Robert G. Gale was born in Stowe, VT in 1919, graduating from Middlebury College in 1941. Dr. Gale always loved sports, and was an accomplished athlete at Middlebury. In 1944, he received his medical degree from the University of Rochester School of Medicine in New York and did his internship and residency at Strong Memorial Hospital in Rochester (which is now an 830 bed medical center/teaching hospital of the U. of Rochester School of Medicine). From 1946 to 1948 he trained at Vanderbilt University Hospital on a medical fellowship, where Dr. Gale co-authored an article published in the American Heart Journal in 1949. The title of the article is "Plasma tocopherol levels in cardiac patients". He then completed two more years of training in Rochester, NY.
Dr. Gale practiced at the Fitch Clinic in St. Johnsbury, Vermont from 1950-1952, after which time he began his Internal Medicine practice in Littleton in August of that year. He was called to active duty in 1953 during the Korean War and served two years as a captain in the U.S. Army Medical Corps, practicing cardiology at Fort Hood, TX. Upon discharge from the Military, Dr. Gale settled in Littleton, where he practiced from 1955 until 1987. While at Littleton Hospital, Dr. Gale served as Chief of Medicine, and he established Littleton Hospital's intensive care unit.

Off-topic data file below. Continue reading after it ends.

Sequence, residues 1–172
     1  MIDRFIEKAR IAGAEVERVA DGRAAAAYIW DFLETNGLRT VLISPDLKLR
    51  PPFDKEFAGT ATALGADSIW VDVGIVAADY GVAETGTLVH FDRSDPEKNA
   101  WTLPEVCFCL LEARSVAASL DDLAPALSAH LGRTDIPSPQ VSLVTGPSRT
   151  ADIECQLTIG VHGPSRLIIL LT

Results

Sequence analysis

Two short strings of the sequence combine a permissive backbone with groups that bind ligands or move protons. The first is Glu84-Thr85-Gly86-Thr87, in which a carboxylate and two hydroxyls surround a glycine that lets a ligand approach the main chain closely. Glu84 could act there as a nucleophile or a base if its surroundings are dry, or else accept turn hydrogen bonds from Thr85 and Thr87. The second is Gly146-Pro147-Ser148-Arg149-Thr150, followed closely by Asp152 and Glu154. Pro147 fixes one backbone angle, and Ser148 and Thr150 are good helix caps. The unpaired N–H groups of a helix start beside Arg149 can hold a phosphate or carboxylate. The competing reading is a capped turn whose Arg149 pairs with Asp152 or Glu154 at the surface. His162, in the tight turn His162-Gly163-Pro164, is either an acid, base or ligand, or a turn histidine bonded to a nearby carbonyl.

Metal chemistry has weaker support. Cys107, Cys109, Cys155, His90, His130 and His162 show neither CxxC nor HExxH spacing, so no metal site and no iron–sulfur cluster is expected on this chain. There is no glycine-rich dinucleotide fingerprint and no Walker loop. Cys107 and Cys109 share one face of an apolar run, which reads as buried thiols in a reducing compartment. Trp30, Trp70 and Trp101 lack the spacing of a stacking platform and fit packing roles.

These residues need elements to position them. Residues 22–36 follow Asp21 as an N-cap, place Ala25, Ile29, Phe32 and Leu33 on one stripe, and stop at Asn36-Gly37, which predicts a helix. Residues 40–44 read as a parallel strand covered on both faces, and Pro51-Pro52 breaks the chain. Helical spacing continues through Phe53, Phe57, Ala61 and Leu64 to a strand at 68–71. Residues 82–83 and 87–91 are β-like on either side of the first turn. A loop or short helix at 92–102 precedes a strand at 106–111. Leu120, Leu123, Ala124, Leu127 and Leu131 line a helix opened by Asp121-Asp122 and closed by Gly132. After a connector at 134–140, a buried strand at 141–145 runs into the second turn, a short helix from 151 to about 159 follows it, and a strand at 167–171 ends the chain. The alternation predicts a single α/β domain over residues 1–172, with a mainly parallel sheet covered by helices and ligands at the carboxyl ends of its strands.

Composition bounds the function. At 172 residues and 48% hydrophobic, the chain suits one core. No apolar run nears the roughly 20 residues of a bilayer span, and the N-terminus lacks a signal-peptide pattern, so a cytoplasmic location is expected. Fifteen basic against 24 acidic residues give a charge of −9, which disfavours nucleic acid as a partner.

Always an avid outdoorsman, Dr. Gale was a New Hampshire Fish and Game Commissioner between 1975 and 1985. He enjoyed hunting, fishing, and boating. Dr. Gale was player agent for the Little League of Littleton from 1952 to 1970 from its inception to the opening of the "new field" at Remich Park. Also, he was a member of the F and AM (Free and Accepted Masons) Burns Lodge in Littleton and the Littleton Lodge of Elks. Dr. Gale was a member of the NH Medical Society and the Trudeau Society. The Trudeau Society was named to honor Edward L. Trudeau. He was the pioneer who founded an early (if not the first) tuberculosis sanatorium in America at Saranac Lake in New York in the early 1900s.
Littleton Hospital named its medical library in Dr. Gale's honor. His photograph proudly hangs on a wall in the current Gale Medical Library/Anna Connors Patient & Family Resource Center.
(August 12, 1987) Littleton Courier microfiche
Colby, Jack, ed. Littleton: Crossroads of Northern New Hampshire, Town of Littleton, 1984.
Murray JF et al. Evolution and Revolution. American Journal of Respiratory and Critical Care Medicine 2012; 186(10):948-952.
Lemley JM, Gale RG, et al. Plasma tocopherol levels in cardiac patients. American Heart Journal.1949; 37(7):1029-34.